Long after the world’s tallest water slide has disappeared from Kansas City, Kan., its legacy could include new regulations for amusement park rides in the state.
Ten-year-old Caleb Schwab died in August while riding Verrückt, a 17-story water slide at the Schlitterbahn Water Park. His father, Olathe Republican Rep. Scott Schwab, is the House speaker pro tem.
In the weeks after Caleb’s death, some lawmakers began to raise concerns about the state’s laws on amusement park rides. A bill introduced this week would require more state oversight and impose tougher penalties for safety violations.
Under current law, inspections at parks like Schlitterbahn fall primarily to their owners and there is limited state oversight of the inspection process.
The new legislation, House Bill 2389, would require that licensed engineers, or people with a background in amusement ride inspection, inspect amusement park rides in the state. It is scheduled for two days of hearings next week.
The bill’s sponsor, Abilene Republican Rep. John Barker, said Thursday that Kansas “had some very weak safeguards.”
“We started looking at statute, and we saw we were weak,” he said. “It’s like a tune-up on your vehicle. It’s been there for many, many years and we’ve not revisited that. So we’re kind of doing a tune-up on the existing statute and changing certain parts of it.”
Verrückt opened amid great fanfare in July 2014.
But an investigation by The Star last August described early warning signs about the 168-foot-high ride. Even in the face of design and safety problems, Verrückt’s path to completion was all but assured, with almost no outside officials casting a critical eye on the project, The Star found.
Records released by the state in August showed that the water slide passed a private inspection in June 2016. A state audit after Caleb’s death also found that the park was following state laws.
But before Caleb’s death, Verrückt had not been inspected by the Kansas Department of Labor, the agency tasked with overseeing amusement park rides in Kansas.
Officials with Schlitterbahn said late last year that Verrückt, which has been closed since Caleb’s death, will be demolished.
Winter Prosapio, spokeswoman for Schlitterbahn Waterparks and Resorts, said Thursday that the company is waiting for court clearance to officially take the ride down.
“It is not our choice to leave it up,” Prosapio said.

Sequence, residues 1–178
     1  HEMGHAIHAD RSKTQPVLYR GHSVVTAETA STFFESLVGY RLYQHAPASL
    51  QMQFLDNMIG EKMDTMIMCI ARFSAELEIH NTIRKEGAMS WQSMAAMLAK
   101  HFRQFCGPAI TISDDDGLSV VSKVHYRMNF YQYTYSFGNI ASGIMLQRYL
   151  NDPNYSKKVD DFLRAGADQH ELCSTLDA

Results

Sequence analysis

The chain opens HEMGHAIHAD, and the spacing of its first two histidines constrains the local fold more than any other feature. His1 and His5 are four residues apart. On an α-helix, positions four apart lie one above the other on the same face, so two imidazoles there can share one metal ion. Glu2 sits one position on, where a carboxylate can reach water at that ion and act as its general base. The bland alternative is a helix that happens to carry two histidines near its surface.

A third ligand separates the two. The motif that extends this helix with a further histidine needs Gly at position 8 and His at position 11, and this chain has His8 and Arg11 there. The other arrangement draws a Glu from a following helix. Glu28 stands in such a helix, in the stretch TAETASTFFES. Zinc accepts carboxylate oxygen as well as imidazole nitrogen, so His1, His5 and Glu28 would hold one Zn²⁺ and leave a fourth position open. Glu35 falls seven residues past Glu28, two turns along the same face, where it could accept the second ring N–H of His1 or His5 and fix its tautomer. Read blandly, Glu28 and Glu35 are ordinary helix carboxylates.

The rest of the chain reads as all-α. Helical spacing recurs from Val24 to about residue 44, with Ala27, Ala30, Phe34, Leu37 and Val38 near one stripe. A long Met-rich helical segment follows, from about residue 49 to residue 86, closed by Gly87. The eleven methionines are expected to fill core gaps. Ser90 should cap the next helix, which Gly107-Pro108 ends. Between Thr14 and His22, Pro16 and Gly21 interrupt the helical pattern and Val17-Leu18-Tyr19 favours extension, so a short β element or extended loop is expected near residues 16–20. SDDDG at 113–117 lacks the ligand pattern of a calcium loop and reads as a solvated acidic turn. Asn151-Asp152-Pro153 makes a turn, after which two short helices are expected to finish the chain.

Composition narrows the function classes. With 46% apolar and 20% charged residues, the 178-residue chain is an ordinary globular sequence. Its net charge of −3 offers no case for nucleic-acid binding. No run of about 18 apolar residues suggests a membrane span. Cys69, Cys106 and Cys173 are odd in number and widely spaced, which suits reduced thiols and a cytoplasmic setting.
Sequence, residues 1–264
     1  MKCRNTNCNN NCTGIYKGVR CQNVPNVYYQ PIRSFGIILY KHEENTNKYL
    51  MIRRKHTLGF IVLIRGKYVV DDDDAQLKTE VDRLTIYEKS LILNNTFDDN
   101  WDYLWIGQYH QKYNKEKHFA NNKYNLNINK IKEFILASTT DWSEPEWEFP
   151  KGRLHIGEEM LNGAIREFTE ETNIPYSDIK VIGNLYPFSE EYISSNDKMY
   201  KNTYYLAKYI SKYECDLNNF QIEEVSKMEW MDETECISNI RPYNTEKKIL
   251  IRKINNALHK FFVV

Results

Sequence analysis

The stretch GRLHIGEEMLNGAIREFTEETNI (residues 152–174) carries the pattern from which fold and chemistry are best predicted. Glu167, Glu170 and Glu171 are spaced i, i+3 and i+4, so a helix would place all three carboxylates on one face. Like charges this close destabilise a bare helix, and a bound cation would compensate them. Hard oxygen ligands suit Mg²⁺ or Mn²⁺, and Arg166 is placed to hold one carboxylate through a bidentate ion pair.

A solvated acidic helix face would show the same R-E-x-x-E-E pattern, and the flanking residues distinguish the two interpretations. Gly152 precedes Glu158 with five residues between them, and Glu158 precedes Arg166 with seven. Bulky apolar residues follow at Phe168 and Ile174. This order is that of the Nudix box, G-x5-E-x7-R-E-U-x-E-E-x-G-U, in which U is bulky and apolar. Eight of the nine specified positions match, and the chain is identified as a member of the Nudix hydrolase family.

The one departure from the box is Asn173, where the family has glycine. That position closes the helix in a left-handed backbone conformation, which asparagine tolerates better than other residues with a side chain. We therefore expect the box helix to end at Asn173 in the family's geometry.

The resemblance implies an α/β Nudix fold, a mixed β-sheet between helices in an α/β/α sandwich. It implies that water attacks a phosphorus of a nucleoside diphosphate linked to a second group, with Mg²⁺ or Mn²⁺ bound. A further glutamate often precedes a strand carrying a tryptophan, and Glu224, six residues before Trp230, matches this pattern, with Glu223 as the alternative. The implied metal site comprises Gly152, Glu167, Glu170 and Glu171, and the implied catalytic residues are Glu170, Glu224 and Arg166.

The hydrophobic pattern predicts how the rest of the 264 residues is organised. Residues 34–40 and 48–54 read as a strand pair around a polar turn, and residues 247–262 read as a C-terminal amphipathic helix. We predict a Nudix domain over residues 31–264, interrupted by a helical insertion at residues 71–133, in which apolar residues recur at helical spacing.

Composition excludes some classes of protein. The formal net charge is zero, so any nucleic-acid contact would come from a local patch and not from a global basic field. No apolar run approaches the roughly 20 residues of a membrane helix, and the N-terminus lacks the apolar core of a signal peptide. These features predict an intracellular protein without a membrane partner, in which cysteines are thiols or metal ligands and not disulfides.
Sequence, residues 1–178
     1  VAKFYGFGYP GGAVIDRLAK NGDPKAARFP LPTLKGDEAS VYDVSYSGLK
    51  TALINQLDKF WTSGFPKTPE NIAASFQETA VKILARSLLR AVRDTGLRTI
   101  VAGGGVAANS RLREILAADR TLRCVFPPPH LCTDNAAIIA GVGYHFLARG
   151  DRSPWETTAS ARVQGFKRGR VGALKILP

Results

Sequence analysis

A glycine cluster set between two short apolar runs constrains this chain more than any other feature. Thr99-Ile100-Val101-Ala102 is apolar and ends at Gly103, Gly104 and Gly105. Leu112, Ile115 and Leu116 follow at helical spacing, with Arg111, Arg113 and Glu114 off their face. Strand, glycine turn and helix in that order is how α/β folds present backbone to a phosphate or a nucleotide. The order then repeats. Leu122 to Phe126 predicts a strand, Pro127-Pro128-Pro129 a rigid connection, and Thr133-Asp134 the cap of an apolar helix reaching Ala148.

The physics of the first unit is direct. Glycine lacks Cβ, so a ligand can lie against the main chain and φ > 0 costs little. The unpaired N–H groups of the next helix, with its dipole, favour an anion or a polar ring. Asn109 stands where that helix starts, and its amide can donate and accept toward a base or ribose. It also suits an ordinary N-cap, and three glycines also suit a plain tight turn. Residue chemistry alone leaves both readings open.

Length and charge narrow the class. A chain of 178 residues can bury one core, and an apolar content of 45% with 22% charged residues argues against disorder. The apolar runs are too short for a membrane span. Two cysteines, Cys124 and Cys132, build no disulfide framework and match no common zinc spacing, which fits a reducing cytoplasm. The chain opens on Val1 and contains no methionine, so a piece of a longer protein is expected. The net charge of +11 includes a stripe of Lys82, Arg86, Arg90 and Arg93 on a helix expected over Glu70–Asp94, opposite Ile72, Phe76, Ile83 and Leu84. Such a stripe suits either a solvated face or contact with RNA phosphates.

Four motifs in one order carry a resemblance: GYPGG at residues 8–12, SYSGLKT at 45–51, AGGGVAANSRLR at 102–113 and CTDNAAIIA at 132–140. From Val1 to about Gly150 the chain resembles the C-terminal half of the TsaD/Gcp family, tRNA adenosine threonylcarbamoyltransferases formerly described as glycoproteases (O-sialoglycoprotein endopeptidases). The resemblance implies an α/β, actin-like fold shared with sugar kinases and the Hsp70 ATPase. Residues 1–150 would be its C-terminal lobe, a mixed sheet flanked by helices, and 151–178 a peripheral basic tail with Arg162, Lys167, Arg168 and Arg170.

She said the company was aware of the legislation introduced in Topeka.
“I think the Legislature is doing what they feel is right and that’s exactly what a legislature should be doing,” Prosapio said.
Barker’s bill would require that the inspections be paid for by the insurance company that issues the liability insurance policy that covers the ride. His bill also calls for ride operators to do daily inspections.
After hearing about the bill and the insurance inspection requirement, a Philadelphia lawyer with a focus on amusement park litigation said he thought the bill was “a step in the right direction because you have another set of eyes looking at it.”
“It’s inevitable that they have to do something,” Jeffrey Reiff said. The amusement park industry, he said, needs “as much oversight as possible.”
Under the proposal, amusement rides that are found to violate state law could be fined no more than $1,000 for any violation. But each day a violation continues would be seen as a different offense.
Reiff emphasized that he’d like to see legislation that has stiffer fines than the $1,000 in Barker’s bill.
“These rides are inherently dangerous when they’re not maintained or inspected,” Reiff said. “There’s a lot that can go wrong.”
Gov. Sam Brownback said he would follow Schwab’s lead when it comes to Schlitterbahn-related legislation.
“That was a terrible thing that happened and ... we’re seeing they followed the law at that point in time,” Brownback said. “But I’m going to talk a lot to Scott Schwab.”
Schwab’s chief of staff did not immediately respond to a request for comment Thursday afternoon.
House Speaker Ron Ryckman, an Olathe Republican, said lawmakers “definitely” will be looking at what other states have done with amusement park regulations. The Legislature, he said, has “a lot of interest to review what we do in Kansas and compare it to our neighboring states.”
Any issue that deals with Schlitterbahn could also be emotional for lawmakers who have served with Schwab.
Some leaders, including Brownback, attended Caleb’s funeral last year.
“We always encourage folks to try to remove emotion and listen to the facts,” Ryckman said about the bill. “But it’s very difficult to do that. We’re also realists. On any issue it’s hard to remove your emotion. ... We’re human beings and this is an emotional issue.”